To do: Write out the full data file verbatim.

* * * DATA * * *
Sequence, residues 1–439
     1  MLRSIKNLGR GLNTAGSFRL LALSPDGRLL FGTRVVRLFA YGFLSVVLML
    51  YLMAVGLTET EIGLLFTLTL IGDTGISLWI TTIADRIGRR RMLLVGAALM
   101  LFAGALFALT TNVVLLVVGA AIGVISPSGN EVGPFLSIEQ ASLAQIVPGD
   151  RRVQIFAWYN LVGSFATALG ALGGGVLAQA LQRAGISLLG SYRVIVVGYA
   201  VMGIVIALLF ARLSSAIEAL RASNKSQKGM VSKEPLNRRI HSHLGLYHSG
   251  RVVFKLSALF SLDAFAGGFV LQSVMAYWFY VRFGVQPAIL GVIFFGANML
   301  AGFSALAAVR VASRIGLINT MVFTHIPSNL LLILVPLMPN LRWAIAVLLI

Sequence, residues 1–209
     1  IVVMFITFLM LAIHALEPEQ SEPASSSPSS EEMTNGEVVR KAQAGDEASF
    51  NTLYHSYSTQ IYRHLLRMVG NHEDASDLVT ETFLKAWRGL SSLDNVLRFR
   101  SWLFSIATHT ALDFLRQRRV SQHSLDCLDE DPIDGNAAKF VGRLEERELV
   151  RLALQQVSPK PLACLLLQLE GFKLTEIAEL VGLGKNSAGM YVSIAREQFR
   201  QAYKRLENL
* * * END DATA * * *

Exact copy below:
Sequence, residues 1–439
     1  MLRSIKNLGR GLNTAGSFRL LALSPDGRLL FGTRVVRLFA YGFLSVVLML
    51  YLMAVGLTET EIGLLFTLTL IGDTGISLWI TTIADRIGRR RMLLVGAALM
   101  LFAGALFALT TNVVLLVVGA AIGVISPSGN EVGPFLSIEQ ASLAQIVPGD
   151  RRVQIFAWYN LVGSFATALG ALGGGVLAQA LQRAGISLLG SYRVIVVGYA
   201  VMGIVIALLF ARLSSAIEAL RASNKSQKGM VSKEPLNRRI HSHLGLYHSG
   251  RVVFKLSALF SLDAFAGGFV LQSVMAYWFY VRFGVQPAIL GVIFFGANML
   301  AGFSALAAVR VASRIGLINT MVFTHIPSNL LLILVPLMPN LRWAIAVLLI

Sequence, residues 1–209
     1  IVVMFITFLM LAIHALEPEQ SEPASSSPSS EEMTNGEVVR KAQAGDEASF
    51  NTLYHSYSTQ IYRHLLRMVG NHEDASDLVT ETFLKAWRGL SSLDNVLRFR
   101  SWLFSIATHT ALDFLRQRRV SQHSLDCLDE DPIDGNAAKF VGRLEERELV
   151  RLALQQVSPK PLACLLLQLE GFKLTEIAEL VGLGKNSAGM YVSIAREQFR
   201  QAYKRLENL